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Unions and school reform – a brief history

This article was originally published in The Notebook. In August 2020, The Notebook became Chalkbeat Philadelphia.

Starting in the 1980s, teacher unions started taking a more active role in professional issues like teacher induction, training and development, and evaluation. A few have also signed contracts that include performance rewards.

Some milestones:

  • 1981 Toledo, OH, at union instigation, began one of the first “peer review” and intervention systems. Master teachers mentor and supervise new colleagues and a joint union-administration panel recommends whether they should be given tenure. There is also an intervention program for struggling veterans that can lead to dismissal. Similar contracts were adopted in Columbus, Cincinnati, and other districts.
  • 1988 Rochester, NY, adopted a contract that reduced the number of seniority “step” increases and stopped automatic raises for advanced degrees, instead giving teachers the chance to get big raises in return for willingness to visit students at home, take on the toughest assignments, and assume more responsibility as “lead” teachers.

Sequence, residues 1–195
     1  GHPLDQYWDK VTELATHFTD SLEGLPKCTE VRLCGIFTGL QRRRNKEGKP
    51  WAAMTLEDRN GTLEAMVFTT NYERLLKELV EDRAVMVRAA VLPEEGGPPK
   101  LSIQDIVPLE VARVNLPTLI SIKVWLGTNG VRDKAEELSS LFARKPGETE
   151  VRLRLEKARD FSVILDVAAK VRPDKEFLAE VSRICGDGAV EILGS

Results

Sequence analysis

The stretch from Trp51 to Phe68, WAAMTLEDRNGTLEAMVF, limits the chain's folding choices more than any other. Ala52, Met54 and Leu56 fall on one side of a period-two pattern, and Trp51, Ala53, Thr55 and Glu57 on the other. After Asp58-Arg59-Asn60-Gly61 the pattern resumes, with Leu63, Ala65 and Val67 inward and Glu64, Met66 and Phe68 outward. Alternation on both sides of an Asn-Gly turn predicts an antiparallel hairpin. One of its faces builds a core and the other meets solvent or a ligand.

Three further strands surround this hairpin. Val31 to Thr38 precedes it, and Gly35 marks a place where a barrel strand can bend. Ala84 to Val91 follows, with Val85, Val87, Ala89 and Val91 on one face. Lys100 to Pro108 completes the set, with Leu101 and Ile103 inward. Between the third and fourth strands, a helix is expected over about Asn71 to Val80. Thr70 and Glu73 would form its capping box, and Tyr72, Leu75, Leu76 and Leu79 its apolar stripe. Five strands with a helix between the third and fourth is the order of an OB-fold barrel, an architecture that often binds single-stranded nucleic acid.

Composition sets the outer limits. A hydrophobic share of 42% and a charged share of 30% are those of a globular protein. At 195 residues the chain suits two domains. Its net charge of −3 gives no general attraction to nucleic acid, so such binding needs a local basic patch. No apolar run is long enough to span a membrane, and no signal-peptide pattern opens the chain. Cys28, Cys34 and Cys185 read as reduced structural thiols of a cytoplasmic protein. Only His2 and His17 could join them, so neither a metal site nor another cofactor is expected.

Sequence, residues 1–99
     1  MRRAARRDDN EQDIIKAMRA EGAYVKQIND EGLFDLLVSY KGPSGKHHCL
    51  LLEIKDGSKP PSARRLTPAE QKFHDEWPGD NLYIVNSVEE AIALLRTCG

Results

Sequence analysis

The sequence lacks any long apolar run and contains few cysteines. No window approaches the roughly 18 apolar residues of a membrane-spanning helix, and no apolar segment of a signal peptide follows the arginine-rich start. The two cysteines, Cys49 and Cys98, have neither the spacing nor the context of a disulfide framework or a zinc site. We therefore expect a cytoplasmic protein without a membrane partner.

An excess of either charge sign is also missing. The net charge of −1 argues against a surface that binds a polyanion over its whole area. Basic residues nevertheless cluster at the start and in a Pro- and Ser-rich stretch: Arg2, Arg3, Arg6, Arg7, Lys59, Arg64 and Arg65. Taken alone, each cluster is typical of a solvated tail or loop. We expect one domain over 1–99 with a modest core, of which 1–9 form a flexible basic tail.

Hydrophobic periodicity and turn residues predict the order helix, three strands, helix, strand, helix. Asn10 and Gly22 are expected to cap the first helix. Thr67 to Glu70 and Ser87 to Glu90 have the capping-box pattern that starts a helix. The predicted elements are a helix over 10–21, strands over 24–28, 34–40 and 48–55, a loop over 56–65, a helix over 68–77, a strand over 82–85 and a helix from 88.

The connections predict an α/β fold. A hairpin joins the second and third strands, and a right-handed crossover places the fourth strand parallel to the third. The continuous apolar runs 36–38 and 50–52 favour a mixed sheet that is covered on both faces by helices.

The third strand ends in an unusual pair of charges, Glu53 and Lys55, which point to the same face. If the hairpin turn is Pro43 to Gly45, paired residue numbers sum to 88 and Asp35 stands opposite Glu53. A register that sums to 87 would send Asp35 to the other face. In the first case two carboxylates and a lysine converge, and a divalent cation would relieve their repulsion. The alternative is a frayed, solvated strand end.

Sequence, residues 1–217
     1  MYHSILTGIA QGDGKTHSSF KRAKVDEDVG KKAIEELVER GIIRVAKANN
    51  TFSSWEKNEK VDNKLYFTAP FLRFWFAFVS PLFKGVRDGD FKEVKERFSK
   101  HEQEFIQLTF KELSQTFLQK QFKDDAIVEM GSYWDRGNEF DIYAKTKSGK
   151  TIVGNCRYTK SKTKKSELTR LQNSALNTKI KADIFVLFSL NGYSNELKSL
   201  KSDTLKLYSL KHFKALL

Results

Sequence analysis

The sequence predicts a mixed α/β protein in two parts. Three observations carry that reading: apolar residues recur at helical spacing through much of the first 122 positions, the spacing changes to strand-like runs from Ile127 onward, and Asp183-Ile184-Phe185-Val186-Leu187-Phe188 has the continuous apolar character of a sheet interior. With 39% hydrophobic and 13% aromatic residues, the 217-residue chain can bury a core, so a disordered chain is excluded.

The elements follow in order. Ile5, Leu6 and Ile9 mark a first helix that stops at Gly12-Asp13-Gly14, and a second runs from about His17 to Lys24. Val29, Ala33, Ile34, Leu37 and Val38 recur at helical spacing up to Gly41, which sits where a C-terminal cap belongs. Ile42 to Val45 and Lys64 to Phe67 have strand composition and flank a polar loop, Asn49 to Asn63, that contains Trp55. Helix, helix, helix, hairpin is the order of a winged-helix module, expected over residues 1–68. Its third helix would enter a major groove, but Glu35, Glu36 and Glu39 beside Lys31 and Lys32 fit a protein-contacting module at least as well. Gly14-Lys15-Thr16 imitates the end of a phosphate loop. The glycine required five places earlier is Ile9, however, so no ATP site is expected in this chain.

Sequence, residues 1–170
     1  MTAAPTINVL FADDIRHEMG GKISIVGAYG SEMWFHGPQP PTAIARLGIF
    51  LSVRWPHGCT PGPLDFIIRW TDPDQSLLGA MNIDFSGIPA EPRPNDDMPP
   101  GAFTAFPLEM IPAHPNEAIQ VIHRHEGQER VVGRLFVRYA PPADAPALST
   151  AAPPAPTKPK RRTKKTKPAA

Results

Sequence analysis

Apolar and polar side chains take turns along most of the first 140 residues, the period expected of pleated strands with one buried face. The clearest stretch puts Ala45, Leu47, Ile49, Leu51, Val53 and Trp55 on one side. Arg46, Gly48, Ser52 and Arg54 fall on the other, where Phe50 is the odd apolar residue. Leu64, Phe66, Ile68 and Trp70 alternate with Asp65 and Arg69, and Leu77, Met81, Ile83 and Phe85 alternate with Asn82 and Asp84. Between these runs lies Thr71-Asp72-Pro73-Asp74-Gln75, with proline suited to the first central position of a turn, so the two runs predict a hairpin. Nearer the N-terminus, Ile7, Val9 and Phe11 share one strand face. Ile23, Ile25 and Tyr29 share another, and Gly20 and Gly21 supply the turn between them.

• 1996 A group of NEA and AFT locals formed the Teacher Union Reform Network (TURN) with the goal of promoting education reform to the top of the union agenda.
  • 1997 Seattle adopted a contract that pioneered a site-based selection process for teacher placement and gave teachers a role in hiring principals. It also based teacher evaluation in part on student progress.
  • 1999 Denver began the voluntary compensation system that would later become ProComp. Initially, teachers and schools could opt into a performance pay system tied to student achievement; now, all teachers hired after 2006 are required to participate.
  • 2004 Institute for Teacher Union Leadership, now the Tom Mooney Institute, was formed as a nonprofit leadership consulting group for teacher unions. Nine urban union locals joined in a learning process about what they called “progressive unionism,” to help each other “make teacher unions critical and powerful players in improving the quality of teaching and student learning.”
  • 2010 Teachers in Baltimore adopted a contract that replaced automatic “step” raises with a system of collecting “achievement units” for such things as positive evaluations and participation in some professional development. Washington, DC, negotiated a similar pact heavy on performance measures under nowdeparted superintendent Michelle Rhee. The Bill and Melinda Gates Foundation has been supporting such contracts.

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